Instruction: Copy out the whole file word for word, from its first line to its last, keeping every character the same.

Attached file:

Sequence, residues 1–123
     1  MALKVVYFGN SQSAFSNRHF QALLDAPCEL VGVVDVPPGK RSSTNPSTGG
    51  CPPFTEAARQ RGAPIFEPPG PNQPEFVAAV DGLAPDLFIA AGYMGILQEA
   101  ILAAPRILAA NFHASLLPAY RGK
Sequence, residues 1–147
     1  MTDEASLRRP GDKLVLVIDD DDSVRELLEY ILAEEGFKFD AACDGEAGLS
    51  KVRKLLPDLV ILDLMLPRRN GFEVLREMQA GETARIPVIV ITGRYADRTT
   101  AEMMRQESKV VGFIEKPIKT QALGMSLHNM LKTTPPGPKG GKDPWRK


Sequence, residues 1–123
     1  MALKVVYFGN SQSAFSNRHF QALLDAPCEL VGVVDVPPGK RSSTNPSTGG
    51  CPPFTEAARQ RGAPIFEPPG PNQPEFVAAV DGLAPDLFIA AGYMGILQEA
   101  ILAAPRILAA NFHASLLPAY RGK
Sequence, residues 1–147
     1  MTDEASLRRP GDKLVLVIDD DDSVRELLEY ILAEEGFKFD AACDGEAGLS
    51  KVRKLLPDLV ILDLMLPRRN GFEVLREMQA GETARIPVIV ITGRYADRTT
   101  AEMMRQESKV VGFIEKPIKT QALGMSLHNM LKTTPPGPKG GKDPWRK